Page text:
A sudden flurry of accomplishment, that caused Motherwell to relinquish their shape and resolve, revived Rangers' sense of certainty. They had been sluggish and bereft for long enough that this burst of goals came with a sense of relief.
For the third consecutive League game, Rangers fell behind, but they are durable in spirit and responded well in the second half. In front of the watching Celtic manager, Neil Lennon, they maintained their 100 per cent record, returned to the top of the Scottish Premier League, and challenged the Parkhead side to do the same at Dundee United today.
Already, next Sunday's Old Firm game at Celtic Park seems defined by a great weight of significance. Rangers will have to play with greater poise and drive than they did here. They were almost idle in the way that they performed in the first half, ponderous and careless in much of their distribution. Being merely diligent allowed Motherwell to nurse their own ambitions.
In the 44th minute, Jamie Murphy was deft enough to outwit Steven Whittaker, then deliver a deep cross that Nick Blackman converted.
The half-time interval brought the inevitable resurgence to the home side, no doubt fuelled by the ire of Walter Smith, the Rangers manager. Within two minutes, Steven Naismith had bundled the ball beyond Darren Randolph, the Motherwell goal-keeper, to equalise.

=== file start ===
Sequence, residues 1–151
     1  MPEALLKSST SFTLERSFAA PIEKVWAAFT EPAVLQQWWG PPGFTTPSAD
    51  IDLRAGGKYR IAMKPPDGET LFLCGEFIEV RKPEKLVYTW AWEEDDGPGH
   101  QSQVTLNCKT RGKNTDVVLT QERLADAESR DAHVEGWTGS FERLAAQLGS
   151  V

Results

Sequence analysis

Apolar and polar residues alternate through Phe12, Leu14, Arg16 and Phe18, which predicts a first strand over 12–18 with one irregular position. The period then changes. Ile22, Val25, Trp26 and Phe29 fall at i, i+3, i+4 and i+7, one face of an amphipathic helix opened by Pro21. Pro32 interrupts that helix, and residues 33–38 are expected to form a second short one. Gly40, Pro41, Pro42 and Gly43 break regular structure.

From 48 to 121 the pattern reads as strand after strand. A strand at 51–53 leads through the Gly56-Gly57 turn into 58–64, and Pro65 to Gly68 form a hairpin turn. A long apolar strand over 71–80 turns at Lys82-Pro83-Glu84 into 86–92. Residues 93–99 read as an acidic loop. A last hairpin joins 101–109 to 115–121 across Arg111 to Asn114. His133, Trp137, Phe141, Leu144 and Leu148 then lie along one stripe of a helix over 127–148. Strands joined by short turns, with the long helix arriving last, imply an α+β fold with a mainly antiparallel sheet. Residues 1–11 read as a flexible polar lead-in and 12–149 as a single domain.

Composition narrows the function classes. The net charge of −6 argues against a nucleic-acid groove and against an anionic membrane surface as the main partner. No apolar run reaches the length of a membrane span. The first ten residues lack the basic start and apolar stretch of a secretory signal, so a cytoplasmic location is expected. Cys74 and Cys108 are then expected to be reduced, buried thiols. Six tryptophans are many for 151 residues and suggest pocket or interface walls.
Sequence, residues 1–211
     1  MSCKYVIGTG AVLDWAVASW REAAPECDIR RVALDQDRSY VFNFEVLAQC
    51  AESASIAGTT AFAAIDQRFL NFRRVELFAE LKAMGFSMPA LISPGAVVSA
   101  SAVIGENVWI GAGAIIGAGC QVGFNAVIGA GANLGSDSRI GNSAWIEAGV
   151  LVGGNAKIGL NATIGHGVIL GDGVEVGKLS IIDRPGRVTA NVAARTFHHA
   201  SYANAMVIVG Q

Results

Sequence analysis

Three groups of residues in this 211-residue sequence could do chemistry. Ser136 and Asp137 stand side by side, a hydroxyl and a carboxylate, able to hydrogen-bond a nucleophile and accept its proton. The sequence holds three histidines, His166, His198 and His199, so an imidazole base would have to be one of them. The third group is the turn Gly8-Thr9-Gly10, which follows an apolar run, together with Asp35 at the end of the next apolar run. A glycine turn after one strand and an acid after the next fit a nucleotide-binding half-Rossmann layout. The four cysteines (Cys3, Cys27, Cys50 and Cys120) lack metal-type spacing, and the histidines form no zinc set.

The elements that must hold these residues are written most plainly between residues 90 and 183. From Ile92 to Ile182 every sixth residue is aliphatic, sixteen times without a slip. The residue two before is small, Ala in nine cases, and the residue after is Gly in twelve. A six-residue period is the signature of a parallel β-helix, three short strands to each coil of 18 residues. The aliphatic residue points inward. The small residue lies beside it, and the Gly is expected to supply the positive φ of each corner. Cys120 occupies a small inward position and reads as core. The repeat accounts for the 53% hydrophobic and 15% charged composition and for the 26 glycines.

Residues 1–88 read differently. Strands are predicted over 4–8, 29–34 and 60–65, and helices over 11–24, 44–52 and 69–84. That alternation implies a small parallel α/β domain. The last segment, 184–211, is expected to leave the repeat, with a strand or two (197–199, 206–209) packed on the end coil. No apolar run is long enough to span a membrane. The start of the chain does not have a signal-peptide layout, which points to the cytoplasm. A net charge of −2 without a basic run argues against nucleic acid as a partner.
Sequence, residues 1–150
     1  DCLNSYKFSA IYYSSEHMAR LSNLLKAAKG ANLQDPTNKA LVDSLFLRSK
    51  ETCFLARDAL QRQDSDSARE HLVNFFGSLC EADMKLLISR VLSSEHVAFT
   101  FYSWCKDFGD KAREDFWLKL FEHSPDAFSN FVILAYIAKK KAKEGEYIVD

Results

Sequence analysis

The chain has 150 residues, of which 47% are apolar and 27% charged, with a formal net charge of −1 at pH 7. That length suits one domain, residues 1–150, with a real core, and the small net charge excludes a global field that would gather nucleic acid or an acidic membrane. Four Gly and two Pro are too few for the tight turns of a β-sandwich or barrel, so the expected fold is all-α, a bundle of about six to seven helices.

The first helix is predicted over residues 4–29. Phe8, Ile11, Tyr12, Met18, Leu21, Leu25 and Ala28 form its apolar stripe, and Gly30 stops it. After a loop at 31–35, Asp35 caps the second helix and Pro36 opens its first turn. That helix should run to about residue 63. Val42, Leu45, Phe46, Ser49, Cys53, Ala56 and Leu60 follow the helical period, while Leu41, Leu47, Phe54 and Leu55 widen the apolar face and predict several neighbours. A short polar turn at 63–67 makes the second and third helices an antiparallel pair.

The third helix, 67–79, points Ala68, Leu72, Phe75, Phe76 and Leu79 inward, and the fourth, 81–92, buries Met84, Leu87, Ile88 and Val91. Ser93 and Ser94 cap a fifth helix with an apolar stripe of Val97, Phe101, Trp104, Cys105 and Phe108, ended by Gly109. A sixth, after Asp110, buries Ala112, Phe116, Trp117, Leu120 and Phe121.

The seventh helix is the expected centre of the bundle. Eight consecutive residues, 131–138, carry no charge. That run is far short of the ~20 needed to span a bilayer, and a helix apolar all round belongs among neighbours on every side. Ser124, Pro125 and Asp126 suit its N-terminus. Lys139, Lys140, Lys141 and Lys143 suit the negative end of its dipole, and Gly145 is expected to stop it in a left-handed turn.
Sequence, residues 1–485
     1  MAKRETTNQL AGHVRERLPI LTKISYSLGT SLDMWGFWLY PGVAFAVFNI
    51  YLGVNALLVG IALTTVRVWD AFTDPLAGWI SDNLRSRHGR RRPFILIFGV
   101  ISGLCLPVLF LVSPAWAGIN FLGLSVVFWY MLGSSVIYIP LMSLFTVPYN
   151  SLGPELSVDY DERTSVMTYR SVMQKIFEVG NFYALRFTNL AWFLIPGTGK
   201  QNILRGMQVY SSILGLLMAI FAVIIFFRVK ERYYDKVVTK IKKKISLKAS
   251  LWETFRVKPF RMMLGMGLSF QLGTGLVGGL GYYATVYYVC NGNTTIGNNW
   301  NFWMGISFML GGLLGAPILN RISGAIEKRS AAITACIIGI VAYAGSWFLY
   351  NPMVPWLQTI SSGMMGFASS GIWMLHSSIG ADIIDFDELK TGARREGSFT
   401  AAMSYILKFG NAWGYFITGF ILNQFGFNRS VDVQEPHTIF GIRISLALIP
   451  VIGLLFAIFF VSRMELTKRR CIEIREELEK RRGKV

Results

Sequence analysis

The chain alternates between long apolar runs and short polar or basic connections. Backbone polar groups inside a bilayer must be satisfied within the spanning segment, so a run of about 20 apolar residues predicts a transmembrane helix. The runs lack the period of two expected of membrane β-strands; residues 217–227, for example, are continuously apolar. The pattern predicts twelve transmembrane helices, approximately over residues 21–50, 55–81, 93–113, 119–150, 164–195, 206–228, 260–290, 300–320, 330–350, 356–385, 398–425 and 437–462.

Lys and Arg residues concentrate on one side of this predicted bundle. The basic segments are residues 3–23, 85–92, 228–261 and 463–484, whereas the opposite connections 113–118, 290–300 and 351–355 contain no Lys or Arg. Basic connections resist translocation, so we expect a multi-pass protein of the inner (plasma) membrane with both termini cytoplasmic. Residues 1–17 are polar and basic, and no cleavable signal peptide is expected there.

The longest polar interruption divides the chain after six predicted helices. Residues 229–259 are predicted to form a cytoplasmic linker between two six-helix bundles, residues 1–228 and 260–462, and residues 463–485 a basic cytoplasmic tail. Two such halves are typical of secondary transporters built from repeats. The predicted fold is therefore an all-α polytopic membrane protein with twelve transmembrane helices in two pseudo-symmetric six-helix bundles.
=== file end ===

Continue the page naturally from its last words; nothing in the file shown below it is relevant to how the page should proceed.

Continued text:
Having shrugged off their aimlessness, Rangers gradually assumed control of the game. Motherwell had been defiant enough, but as the hosts found an edge, the visitors cast aside their composure.
First, Steven Davis gathered the ball 30 yards out, surged towards the penalty area, then unleashed a drive that dipped beyond Randolph. Three minutes later, Naismith jinked into the box before crossing for Kenny Miller to score with a diving header. And two minutes later, Kyle Laffertyreleased Vladimir Weiss, who dodged around Randolph and slid the ball into the net.
It was a crisp, almost brutal rebuff to their first-half display, and enough to overwhelm the visitors. "We weren't resolute enough," said Craig Brown, the Motherwell manager. "There are too many nice guys in our team, we need an evil streak."